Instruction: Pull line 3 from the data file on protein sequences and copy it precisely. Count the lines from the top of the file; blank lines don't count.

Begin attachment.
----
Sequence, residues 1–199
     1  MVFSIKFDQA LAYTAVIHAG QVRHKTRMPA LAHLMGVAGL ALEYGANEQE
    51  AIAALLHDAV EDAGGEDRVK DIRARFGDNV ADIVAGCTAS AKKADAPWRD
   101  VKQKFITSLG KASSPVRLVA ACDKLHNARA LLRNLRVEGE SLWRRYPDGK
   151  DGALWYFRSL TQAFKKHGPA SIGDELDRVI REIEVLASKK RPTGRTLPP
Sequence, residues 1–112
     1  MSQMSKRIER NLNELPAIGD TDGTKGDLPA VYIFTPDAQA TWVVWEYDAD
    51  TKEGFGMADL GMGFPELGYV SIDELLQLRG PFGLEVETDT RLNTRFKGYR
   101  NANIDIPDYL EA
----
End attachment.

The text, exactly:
    51  AIAALLHDAV EDAGGEDRVK DIRARFGDNV ADIVAGCTAS AKKADAPWRD